Lecture 16: Bidirectional programming, continued

23 November 2010

A revisited example in Boomerang which projects a view that removes the last field of an address-email-office list. Two issues with the basic lens constructs: (1) the records must be updated in the same order that they appear, and (2) there is no flexibility in layout, for example, the amount of whitespace. The first case is addressed with resourceful lenses and the second with quotient lenses. Ideas behind the semantics of each construct. For resourceful lenses, the idea of a skeleton and its resource content. For quotient lenses, the idea of equivalence relations and canonizers. Finally, in each case, the practical programming features which exploit them. Briefly, a third way for bidirectional programming was mentioned: probing the behaviour of the get function to automatically define a put function.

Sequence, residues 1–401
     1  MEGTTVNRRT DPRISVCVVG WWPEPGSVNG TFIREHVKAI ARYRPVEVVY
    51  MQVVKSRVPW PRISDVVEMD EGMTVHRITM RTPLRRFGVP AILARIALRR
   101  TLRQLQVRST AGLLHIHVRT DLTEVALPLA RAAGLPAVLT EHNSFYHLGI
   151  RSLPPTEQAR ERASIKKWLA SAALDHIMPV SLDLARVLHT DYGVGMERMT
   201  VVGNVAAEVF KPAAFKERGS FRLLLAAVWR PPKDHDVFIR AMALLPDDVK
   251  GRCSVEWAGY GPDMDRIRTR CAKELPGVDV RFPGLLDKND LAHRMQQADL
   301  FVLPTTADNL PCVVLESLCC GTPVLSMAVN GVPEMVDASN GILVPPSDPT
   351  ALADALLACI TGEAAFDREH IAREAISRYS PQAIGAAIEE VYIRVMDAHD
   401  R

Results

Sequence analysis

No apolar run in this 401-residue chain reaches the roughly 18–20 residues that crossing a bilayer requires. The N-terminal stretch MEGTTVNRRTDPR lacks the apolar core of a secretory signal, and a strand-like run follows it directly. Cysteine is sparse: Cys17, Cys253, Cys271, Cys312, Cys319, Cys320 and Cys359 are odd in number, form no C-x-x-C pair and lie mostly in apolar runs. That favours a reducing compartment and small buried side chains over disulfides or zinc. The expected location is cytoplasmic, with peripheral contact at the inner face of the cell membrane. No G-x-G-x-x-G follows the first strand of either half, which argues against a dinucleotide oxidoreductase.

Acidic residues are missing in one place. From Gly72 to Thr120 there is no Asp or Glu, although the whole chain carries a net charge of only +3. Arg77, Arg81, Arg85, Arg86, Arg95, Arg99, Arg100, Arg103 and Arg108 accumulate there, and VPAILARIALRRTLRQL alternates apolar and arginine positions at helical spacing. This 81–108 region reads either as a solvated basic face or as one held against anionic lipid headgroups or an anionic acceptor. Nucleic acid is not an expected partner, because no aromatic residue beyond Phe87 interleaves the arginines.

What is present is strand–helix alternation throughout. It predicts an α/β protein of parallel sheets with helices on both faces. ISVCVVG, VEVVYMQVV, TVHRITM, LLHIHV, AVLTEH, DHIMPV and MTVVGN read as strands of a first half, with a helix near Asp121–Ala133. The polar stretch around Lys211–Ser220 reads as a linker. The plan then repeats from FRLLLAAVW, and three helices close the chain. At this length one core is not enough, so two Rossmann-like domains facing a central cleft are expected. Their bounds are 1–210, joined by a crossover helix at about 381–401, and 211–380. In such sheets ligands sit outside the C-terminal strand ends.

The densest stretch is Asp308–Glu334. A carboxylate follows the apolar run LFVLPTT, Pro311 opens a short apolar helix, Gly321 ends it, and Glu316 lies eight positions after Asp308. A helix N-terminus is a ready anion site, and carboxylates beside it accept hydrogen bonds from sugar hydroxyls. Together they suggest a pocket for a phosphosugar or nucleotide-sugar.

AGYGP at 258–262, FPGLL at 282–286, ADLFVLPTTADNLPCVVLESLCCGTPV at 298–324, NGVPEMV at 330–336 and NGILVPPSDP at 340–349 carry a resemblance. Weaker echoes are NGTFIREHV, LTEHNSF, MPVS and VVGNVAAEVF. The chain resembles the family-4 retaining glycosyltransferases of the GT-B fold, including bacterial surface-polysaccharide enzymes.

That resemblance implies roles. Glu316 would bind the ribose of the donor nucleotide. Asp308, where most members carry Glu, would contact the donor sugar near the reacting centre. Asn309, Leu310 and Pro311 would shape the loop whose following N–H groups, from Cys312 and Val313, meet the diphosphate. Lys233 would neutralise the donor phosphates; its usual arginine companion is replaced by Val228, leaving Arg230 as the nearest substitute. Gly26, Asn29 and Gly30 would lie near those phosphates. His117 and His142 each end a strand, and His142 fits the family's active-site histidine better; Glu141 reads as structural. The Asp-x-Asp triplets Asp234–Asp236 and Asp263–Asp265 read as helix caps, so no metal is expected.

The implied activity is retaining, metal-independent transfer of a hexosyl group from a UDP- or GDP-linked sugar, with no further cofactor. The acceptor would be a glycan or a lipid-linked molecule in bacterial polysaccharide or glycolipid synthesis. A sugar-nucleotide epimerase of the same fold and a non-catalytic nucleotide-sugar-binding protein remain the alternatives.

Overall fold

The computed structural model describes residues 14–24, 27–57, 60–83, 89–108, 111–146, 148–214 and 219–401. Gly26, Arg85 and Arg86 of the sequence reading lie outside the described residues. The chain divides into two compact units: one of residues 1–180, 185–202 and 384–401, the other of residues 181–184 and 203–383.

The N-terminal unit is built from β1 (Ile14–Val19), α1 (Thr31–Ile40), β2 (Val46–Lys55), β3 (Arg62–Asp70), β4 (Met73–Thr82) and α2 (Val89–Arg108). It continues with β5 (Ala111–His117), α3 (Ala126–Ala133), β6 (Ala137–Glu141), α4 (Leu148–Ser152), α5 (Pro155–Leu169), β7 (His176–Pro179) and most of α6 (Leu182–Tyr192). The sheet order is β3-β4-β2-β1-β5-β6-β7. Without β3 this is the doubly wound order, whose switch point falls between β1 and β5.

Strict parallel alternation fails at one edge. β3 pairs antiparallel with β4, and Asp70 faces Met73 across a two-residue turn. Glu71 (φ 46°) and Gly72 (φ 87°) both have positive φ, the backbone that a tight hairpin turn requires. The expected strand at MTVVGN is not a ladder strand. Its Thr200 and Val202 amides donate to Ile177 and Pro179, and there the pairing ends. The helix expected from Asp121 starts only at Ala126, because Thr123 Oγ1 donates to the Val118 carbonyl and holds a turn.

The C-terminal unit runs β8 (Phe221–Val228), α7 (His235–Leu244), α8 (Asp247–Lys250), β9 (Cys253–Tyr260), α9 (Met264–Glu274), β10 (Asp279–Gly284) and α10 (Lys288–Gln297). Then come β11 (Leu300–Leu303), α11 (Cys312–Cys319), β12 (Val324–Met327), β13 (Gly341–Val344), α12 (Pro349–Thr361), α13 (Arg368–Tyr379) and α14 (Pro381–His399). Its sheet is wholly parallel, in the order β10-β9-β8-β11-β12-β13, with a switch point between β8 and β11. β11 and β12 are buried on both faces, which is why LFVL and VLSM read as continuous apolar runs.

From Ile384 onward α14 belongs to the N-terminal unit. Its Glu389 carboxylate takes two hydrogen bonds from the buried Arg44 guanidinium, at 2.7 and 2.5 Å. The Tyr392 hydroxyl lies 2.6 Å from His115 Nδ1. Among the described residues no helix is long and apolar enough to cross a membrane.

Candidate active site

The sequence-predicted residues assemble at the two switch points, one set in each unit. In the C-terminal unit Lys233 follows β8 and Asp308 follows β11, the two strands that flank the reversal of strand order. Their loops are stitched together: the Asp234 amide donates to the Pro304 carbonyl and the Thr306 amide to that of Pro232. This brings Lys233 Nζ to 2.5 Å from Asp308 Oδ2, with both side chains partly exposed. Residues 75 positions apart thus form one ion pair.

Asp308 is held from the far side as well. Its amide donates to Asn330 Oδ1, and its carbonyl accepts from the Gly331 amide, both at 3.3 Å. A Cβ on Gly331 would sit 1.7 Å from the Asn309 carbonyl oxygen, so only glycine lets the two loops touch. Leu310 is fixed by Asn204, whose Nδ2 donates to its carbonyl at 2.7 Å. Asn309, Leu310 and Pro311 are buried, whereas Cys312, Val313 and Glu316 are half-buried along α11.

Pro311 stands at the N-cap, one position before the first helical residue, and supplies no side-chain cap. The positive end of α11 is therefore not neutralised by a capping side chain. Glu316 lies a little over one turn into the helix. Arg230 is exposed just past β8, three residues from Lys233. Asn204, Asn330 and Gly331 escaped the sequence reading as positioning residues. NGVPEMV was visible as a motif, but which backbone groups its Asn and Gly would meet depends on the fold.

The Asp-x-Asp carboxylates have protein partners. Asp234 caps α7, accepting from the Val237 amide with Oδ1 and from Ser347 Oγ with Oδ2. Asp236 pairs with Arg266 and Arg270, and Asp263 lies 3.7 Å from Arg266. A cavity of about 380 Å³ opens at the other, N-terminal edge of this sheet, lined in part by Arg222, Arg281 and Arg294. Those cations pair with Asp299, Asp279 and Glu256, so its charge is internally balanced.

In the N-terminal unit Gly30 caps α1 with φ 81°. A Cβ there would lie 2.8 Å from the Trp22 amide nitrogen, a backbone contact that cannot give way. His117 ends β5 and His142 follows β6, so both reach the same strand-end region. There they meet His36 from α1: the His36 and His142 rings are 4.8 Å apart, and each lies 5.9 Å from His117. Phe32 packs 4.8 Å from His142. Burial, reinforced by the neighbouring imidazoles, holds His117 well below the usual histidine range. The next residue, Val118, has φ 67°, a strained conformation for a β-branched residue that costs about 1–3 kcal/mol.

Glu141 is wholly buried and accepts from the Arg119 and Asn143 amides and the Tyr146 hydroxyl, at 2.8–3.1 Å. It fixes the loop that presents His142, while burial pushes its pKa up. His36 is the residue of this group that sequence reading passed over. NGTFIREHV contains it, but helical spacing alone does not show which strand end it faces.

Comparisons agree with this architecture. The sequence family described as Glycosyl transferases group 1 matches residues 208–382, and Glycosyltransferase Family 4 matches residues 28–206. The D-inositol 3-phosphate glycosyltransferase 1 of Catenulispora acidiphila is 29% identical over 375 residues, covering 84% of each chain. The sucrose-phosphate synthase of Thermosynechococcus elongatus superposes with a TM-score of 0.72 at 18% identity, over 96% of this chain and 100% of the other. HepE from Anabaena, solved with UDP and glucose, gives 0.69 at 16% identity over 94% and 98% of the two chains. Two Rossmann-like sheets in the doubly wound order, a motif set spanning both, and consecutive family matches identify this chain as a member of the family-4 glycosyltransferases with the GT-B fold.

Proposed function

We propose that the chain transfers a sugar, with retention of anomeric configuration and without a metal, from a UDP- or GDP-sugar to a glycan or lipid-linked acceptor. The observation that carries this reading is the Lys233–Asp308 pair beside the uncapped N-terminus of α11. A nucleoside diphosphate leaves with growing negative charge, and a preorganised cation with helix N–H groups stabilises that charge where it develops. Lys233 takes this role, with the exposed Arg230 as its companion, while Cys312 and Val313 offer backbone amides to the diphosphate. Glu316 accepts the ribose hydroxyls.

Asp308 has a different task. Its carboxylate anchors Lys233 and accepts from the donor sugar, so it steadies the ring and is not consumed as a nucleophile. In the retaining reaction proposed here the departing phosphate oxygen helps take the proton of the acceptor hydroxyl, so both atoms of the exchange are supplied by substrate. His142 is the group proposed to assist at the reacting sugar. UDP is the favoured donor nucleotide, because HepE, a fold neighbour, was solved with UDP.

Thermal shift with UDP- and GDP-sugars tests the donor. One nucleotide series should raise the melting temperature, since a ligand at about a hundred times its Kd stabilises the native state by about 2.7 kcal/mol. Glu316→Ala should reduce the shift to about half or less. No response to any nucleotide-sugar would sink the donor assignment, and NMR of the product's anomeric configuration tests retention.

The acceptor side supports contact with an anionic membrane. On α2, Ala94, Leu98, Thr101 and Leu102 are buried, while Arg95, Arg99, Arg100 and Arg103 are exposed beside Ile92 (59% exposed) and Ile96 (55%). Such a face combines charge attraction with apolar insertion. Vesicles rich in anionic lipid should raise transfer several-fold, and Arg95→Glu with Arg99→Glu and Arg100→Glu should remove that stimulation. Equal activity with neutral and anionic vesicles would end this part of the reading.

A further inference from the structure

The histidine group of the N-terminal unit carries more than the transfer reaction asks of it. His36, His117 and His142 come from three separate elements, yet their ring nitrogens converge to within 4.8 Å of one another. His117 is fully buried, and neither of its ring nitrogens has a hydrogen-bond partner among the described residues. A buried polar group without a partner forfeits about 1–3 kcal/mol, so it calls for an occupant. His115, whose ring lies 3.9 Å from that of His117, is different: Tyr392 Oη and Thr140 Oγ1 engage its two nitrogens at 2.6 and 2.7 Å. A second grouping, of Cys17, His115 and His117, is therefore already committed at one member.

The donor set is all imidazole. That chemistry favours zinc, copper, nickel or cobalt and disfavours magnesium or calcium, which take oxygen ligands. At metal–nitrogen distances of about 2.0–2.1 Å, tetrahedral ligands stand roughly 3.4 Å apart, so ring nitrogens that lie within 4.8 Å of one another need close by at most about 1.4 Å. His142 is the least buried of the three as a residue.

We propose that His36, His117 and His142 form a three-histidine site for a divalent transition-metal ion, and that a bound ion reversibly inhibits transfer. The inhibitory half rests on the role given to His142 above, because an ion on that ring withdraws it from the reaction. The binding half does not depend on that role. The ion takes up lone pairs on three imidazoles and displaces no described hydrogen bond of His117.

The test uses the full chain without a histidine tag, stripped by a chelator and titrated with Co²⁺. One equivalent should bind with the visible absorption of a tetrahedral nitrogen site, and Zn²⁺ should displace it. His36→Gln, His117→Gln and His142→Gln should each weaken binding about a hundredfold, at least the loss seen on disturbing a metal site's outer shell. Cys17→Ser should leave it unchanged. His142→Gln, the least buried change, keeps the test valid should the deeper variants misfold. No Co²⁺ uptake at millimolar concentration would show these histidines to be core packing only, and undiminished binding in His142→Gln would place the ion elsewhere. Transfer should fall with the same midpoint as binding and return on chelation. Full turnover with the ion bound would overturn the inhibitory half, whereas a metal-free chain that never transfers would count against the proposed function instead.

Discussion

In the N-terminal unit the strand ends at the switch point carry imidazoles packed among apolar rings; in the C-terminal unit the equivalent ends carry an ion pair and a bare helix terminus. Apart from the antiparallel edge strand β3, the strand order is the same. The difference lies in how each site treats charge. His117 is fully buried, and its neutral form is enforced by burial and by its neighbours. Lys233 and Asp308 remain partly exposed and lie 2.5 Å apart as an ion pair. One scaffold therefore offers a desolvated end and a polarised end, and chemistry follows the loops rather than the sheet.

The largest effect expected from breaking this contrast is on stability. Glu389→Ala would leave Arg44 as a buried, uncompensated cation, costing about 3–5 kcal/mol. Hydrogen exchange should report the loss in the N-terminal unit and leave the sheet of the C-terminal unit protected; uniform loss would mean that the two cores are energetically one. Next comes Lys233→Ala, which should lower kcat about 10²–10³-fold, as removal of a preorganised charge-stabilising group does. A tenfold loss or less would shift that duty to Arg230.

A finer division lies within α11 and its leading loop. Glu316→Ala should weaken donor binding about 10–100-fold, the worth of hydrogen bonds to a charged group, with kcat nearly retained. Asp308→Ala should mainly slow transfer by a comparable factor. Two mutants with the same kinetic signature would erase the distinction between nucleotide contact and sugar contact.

• Try some more sophisticated examples in Boomerang.